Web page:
Rawson, the housekeeper there, whom Mr. Huntley hates. Then the girl
left London suddenly, and we were told she had taken another place in
the country on her own account. No one was supposed to know exactly
where she had gone, but Mr. Huntley doesn't believe it. He thinks Master
knew and had something to do with her going off." She nodded vehemently.
"I think so, too. The housekeeper looked very funny when I asked her
about it. But she has always been very thick with Sir Roger and wouldn't
say anything."

Stone made no comment, but proceeded to ask her about the relations
between Sir Roger and Lady Hake.

"Poor little mistress," sighed the cook, "she's had a bad time. From not
wanting to have her out of his sight once. Master's been hardly taking
any interest in her lately. He blamed her too, for every little thing
which went wrong in the house. He was angry with her yesterday about
something, and one of the girls heard him storming at her. Yes,"--she
lowered her voice darkly--"she's supposed to have got a dragon-fly bite,
on her arm yesterday, but Betty saw her without the bandage and says it
looked more like a bruise."

A short silence followed as Stone looked round at the others. But their
faces were quite impassive and he turned back to the woman and asked
her, "Now, has Huntley told you what we asked him about the kitchen fire
last night?" She nodded. "And he told you to say he hadn't, if we asked
you?" She nodded again and Stone smiled. "Well, you say we didn't ask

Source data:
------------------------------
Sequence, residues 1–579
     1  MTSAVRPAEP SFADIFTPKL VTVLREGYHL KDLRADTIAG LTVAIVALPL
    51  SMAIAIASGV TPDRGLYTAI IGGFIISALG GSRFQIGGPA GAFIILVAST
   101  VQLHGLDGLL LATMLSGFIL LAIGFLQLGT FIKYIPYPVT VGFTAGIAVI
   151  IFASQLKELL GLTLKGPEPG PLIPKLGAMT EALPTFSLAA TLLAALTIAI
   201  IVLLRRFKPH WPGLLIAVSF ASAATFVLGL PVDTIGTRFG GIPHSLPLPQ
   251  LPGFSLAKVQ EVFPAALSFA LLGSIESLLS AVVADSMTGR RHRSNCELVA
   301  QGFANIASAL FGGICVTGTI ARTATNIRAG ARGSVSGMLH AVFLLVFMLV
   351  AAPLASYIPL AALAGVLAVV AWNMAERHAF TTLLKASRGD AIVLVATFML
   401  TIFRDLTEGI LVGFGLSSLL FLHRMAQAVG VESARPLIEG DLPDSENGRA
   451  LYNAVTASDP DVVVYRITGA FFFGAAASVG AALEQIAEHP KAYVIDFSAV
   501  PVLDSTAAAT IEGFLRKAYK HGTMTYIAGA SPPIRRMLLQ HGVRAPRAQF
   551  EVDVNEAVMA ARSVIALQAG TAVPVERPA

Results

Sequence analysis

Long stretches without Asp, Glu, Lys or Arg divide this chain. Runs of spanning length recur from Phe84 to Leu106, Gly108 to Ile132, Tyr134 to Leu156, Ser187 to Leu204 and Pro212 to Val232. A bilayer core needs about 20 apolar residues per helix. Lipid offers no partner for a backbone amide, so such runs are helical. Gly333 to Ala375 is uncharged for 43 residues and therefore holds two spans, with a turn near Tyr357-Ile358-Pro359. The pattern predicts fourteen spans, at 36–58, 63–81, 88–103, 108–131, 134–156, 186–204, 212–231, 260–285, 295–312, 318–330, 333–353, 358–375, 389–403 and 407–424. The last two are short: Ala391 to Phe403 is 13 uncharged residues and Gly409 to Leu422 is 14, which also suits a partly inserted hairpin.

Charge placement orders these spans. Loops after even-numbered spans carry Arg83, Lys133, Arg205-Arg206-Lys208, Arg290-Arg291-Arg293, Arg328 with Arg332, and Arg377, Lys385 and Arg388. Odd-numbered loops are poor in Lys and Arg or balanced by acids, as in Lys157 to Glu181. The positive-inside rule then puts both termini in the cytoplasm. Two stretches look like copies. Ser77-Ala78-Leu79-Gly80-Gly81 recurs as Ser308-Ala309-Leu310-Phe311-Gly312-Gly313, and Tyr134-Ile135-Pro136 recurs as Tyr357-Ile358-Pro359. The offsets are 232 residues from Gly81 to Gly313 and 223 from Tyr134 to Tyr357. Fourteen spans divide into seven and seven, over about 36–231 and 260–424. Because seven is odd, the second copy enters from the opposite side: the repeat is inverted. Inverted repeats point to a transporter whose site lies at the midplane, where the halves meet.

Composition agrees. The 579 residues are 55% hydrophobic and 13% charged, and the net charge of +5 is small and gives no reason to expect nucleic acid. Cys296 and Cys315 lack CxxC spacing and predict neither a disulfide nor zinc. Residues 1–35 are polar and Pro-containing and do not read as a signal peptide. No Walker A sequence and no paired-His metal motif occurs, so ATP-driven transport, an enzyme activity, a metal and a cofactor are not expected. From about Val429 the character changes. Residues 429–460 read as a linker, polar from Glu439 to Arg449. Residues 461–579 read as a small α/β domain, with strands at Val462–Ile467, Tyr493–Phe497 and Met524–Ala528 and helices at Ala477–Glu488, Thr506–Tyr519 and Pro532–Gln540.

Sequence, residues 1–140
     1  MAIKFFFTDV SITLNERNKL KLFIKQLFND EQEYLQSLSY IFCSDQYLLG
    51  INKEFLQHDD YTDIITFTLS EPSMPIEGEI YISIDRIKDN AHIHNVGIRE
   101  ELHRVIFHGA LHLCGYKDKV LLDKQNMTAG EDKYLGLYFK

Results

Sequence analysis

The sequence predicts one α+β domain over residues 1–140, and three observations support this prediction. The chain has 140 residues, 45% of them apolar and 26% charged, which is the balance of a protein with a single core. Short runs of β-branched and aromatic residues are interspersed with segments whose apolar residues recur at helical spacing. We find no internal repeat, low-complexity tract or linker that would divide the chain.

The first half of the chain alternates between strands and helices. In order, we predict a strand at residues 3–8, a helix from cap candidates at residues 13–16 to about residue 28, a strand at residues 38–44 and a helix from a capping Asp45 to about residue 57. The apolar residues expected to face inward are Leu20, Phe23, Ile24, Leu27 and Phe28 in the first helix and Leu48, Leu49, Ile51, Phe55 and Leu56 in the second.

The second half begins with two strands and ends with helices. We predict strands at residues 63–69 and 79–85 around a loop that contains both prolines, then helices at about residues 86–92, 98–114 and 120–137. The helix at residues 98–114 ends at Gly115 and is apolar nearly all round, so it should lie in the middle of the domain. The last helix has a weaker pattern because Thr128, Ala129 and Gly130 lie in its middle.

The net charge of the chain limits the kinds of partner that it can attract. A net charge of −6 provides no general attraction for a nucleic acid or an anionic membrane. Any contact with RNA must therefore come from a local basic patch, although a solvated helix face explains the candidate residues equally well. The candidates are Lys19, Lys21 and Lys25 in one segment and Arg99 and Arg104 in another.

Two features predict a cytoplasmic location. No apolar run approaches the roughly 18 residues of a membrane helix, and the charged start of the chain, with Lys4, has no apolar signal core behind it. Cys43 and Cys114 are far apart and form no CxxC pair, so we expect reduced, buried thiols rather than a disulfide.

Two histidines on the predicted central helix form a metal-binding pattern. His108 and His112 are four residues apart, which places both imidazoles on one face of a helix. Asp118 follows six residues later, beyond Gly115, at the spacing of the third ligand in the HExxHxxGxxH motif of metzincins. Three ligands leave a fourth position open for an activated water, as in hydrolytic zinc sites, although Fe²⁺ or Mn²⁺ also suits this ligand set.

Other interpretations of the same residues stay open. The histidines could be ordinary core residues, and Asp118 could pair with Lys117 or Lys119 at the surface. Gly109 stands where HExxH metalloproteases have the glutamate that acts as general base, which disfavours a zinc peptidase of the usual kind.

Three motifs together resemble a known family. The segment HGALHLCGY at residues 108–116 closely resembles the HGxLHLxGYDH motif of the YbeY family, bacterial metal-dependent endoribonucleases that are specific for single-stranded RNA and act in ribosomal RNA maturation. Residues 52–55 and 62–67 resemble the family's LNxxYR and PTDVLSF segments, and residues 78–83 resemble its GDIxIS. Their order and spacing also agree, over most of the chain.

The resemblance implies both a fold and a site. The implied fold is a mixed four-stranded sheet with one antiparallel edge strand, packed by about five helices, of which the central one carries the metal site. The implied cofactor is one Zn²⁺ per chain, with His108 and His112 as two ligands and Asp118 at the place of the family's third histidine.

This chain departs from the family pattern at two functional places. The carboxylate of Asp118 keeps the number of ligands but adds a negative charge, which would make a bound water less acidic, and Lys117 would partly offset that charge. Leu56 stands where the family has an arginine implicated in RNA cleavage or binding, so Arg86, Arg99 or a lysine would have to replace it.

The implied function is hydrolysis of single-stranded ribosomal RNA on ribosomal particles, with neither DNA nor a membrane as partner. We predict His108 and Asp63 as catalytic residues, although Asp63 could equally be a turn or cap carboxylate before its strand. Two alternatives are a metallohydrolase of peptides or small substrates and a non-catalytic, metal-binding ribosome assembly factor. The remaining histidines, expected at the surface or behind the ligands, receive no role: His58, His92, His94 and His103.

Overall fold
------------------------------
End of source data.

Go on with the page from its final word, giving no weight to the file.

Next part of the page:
you. See?" and she smiled back. He went on. "Well, what do you think?
Would there have been any embers burning at about half-past eleven?" and
she replied, "I should say so but of course, I can't be sure. I
certainly had had a good fire burning all the evening."

She was dismissed with the intimation to talk as little as possible
about what had been asked her. Then Stone turned once more to his
colleagues. "And what now?" was his question. "I suppose we must have
that poor little widow in!"

"No," said Larose, "I'd like to have the butler in again first."

Stone pushed the bell, remarking at the same time, "Well, don't give him
any more reason why we are suspecting him."

"On the contrary," said Larose, "I'm going to ease his mind there."

The butler came in as self-possessed as before, but his eyes roved
quickly round upon all the three men there, in turn.

"Tell me, Mr. Huntley," said Larose, "did you know Sir Roger had a
cottage or bungalow or some sort of house at Bradwell upon the Essex
coast, and that he used to go there at week-ends?"

The man looked very surprised, his eyes opened very wide and his jaw
dropped. "No," he replied slowly, "I've never heard anything about it."
He was most respectful. "May I ask, sir, who told you?"

Larose shook his head. "You may ask, but I'm not going to tell you.
Still we believe the information to be quite correct. Now for another
matter. Was Sir Roger methodical in his habits?"

"Certainly he was," replied Huntley, "most methodical in everything."

"Well, what was the last thing he generally did at night, just before he